Title: Mechanical properties of confined mussel-inspired materials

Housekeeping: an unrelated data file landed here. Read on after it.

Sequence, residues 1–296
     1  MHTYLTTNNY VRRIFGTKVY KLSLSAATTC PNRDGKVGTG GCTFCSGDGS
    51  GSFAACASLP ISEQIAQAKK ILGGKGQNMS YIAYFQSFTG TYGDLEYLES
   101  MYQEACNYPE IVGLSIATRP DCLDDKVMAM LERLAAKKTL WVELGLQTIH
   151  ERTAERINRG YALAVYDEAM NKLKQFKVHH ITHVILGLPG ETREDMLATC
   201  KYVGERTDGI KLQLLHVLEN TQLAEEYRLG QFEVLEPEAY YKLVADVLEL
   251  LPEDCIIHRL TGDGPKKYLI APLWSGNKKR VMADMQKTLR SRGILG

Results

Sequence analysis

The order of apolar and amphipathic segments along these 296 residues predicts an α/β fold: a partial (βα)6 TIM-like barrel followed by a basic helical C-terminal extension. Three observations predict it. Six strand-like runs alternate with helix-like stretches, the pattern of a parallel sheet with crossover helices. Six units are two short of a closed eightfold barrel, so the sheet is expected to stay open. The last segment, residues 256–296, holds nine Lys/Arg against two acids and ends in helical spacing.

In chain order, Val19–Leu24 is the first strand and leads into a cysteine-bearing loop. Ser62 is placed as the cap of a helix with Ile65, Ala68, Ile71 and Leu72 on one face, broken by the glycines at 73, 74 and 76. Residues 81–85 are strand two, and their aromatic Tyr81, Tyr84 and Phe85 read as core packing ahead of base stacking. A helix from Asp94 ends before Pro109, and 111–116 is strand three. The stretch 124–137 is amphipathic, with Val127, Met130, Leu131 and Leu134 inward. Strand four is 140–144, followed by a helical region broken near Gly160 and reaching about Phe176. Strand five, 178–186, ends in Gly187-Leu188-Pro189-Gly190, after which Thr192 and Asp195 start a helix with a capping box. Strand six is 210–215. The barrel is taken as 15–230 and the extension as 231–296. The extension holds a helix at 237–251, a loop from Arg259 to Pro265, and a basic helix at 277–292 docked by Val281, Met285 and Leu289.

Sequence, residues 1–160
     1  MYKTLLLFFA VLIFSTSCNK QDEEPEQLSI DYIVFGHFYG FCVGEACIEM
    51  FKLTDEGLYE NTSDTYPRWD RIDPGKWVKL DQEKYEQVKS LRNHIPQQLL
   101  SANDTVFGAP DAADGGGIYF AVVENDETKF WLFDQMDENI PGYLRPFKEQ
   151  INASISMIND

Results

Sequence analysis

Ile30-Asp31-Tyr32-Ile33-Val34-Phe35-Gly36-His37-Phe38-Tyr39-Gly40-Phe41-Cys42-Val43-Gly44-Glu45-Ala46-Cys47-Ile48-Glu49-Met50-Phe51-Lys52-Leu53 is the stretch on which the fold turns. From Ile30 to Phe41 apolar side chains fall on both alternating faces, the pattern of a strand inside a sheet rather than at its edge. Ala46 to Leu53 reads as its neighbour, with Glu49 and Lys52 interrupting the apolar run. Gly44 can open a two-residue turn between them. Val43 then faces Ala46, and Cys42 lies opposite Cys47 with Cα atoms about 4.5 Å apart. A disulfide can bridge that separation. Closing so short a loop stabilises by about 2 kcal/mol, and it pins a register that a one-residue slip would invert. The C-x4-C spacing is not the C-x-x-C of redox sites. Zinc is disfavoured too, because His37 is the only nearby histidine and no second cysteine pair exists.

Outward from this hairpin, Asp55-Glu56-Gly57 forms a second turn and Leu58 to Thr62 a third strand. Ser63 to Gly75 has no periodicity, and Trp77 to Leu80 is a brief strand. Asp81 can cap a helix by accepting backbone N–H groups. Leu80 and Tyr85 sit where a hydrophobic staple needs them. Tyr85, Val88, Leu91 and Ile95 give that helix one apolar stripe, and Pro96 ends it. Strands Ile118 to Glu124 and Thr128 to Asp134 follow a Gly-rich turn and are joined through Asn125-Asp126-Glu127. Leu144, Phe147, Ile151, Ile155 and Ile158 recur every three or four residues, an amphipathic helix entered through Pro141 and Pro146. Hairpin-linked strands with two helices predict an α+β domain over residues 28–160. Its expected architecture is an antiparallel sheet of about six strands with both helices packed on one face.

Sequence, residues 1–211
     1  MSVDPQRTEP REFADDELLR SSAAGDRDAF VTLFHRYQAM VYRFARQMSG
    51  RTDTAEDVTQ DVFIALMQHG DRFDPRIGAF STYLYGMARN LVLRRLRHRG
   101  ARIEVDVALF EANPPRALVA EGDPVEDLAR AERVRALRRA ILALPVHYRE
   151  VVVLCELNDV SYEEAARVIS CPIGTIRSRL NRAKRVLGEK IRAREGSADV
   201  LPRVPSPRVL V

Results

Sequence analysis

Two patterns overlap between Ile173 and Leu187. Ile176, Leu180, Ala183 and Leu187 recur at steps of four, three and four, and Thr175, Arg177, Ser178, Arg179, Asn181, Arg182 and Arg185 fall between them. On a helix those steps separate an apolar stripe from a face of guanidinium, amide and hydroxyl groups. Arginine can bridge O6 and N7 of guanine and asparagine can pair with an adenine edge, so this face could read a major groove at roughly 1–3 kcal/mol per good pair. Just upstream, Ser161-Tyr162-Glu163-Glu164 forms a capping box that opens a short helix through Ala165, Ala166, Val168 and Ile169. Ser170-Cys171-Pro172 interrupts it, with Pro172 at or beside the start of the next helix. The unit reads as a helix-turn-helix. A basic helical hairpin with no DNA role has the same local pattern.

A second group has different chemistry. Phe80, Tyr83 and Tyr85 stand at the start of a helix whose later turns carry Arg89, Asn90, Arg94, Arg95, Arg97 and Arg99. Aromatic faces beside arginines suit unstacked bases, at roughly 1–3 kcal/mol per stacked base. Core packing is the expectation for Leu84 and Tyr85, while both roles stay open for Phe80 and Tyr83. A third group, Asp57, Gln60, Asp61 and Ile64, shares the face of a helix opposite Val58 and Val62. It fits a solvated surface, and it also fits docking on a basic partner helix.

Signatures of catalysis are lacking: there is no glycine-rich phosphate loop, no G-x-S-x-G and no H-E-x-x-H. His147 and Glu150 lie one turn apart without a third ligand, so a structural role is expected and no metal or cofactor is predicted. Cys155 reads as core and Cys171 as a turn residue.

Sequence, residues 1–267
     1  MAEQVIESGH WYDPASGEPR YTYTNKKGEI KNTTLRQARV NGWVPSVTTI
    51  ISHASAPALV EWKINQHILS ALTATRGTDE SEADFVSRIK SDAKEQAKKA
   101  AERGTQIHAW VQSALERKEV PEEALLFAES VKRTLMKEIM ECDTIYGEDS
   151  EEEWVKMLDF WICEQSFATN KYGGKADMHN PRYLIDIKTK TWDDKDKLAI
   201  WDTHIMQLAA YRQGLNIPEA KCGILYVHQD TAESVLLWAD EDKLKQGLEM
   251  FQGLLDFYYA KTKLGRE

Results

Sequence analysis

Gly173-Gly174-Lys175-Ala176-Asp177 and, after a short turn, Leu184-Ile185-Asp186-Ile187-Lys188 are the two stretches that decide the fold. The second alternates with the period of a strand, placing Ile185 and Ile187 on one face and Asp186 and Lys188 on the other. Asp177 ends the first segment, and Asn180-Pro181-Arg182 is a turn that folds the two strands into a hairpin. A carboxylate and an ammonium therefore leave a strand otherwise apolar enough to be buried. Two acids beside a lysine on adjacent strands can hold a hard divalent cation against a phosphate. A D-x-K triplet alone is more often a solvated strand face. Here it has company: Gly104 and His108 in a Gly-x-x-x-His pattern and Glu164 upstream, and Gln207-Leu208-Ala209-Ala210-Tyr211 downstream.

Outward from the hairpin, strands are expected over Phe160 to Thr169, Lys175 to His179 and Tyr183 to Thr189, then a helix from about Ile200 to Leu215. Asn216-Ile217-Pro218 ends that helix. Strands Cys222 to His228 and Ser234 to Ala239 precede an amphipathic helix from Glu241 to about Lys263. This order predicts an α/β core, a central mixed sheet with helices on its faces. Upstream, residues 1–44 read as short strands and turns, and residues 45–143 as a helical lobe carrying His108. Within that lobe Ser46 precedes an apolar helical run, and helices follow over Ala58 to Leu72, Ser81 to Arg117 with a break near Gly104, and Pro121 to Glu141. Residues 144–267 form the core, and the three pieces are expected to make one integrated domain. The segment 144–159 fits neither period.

There is currently a need for improved adhesives for medical and marine applications, primarily because the presence of water severely undermines adhesion. Due to their robust adhesion under water, marine mussels have been widely studied as inspirations for the design of wet adhesives. However, development of mussel-inspired materials has historically over-emphasized the importance of the catechol functionality in mussel adhesion. This thesis demonstrates that the mechanical properties of mussel-inspired materials, including adhesion, cohesion, and stiffness, result from a range of factors beyond the presence of catechols. By investigating model systems spanning multiple length scales, this work reveals the importance of failure mode, binding group density, and electrostatic interactions on interfacial adhesion of mussel-inspired surface primers and peptides at the atomic scale. Interactions between thin films of pressure sensitive adhesives and polymers are shown to depend on film composition which is influenced by solvent-induced structural rearrangement and contact-induced damage. The mechanical properties of micro-scale hydrogel films are shown to be dictated by fluid flow through the polymer network. By providing a better understanding of mussel adhesion, this work seeks to guide the design of new mussel-inspired materials for diverse applications.